How To Figure Gas Mileage
Learning how to figure gas mileage is a fairly simple procedure. If your car has an adjustable odometer, figuring your gas mileage can be accomplished each time you fill up your gas tank. The key to getting an accurate picture of your gas mileage is consistency. You have to be consistent in the brand of gasoline you use, the type of gas, the station you go to, and your driving routine.
Drive to a gas station you would normally go to. Turn off your engine and set your odometer to zero. There is usually a knob located under the odometer. Push the knob in and set it zero. You might have to pull it out or turn it right or left on some cars. If your car does not have an adjustable odometer, write down the mileage shown on the fixed odometer and store it for future reference.
- Set the gas pump lever on the handle to auto-stop so it will automatically stop filling. When it shuts off, do not pump any more gas and remove the gas nozzle.
- Drive your car as you normally would without making any changes to your driving habits. Do not drive slower to save gas and avoid checking your mileage during hot months when you are inclined to use your air conditioner. Air conditioners take energy from your engine and can consume more gas than normal, giving you an inaccurate picture of your gas mileage.
- Wait until you your gas tank is half-empty before filling up again. Always use the same type of gas so that your mileage will reflect as many different driving conditions as possible.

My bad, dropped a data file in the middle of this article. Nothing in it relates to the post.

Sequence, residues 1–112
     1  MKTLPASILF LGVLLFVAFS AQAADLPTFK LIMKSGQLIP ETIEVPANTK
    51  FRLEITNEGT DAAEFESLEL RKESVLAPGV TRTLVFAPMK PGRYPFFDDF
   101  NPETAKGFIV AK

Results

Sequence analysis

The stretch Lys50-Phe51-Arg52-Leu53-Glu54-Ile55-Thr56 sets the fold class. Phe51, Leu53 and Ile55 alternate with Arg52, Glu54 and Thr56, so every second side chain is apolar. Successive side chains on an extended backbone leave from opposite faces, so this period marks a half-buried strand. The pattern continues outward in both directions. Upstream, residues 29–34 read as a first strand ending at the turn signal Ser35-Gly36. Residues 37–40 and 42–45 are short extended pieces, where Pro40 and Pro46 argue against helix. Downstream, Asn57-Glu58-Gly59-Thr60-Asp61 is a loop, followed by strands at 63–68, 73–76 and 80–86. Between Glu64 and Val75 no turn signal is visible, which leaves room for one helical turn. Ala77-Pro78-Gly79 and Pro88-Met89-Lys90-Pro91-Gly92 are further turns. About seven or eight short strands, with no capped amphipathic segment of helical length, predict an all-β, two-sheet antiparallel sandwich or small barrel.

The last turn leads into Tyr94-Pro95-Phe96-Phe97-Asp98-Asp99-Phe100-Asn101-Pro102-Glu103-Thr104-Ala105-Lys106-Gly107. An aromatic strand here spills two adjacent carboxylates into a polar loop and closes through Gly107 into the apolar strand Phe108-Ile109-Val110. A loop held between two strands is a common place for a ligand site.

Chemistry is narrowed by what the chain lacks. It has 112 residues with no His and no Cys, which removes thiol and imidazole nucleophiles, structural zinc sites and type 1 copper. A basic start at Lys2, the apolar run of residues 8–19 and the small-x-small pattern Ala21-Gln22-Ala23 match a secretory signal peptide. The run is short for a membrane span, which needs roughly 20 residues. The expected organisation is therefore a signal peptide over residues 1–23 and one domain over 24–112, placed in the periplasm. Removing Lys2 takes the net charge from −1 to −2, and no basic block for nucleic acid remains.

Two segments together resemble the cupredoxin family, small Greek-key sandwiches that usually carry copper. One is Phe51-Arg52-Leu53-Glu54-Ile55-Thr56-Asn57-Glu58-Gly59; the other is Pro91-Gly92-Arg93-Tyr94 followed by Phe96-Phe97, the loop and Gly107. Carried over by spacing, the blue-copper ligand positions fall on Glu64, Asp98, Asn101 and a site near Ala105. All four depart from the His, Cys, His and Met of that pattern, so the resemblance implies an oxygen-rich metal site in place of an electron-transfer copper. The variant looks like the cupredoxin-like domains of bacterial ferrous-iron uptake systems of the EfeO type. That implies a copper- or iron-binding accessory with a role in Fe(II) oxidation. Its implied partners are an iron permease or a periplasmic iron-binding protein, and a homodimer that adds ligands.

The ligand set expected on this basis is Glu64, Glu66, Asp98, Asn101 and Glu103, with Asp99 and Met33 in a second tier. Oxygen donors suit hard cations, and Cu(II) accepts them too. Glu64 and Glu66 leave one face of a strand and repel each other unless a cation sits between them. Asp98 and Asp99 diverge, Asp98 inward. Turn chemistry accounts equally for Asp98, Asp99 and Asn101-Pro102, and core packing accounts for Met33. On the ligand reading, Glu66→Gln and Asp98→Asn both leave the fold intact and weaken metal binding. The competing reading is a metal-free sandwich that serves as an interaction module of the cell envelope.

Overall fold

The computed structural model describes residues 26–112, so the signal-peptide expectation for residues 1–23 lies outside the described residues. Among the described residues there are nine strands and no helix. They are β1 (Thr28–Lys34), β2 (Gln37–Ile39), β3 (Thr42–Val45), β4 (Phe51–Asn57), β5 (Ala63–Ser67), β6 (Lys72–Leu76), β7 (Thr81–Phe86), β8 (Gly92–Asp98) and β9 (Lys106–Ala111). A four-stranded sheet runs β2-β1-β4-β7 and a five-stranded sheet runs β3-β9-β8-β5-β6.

- Go to a gas station and fill-up your tank as in Step 2. Try to use the same gas station and gas pump as you did before. The auto-stop device, and when it shuts off, can differ from each pump.
- Check the number of gallons indicated on the pump when it shuts off and write it down. Check your odometer and write down the number of miles shown.
- Divide the odometer mileage by the number of gallons pumped. That figure should show you how many miles per gallon your car is getting. If you have a fixed odometer, subtract the number originally written down from the number now showing. The difference will be the mileage driven.
- Consider as an example, driving 200 miles and filling up requires 10 gallons. 200 divided by 10 equals 20, which is your miles per gallon.
- Repeat the process of filling up and recording your mileage at least three times. This will insure greater accuracy that will cover every driving condition over a period of time.
- Do not drive off before setting your odometer back to zero or writing down you present mileage. Remember to keep a record of each fill-up for comparison now that you know how to figure gas mileage.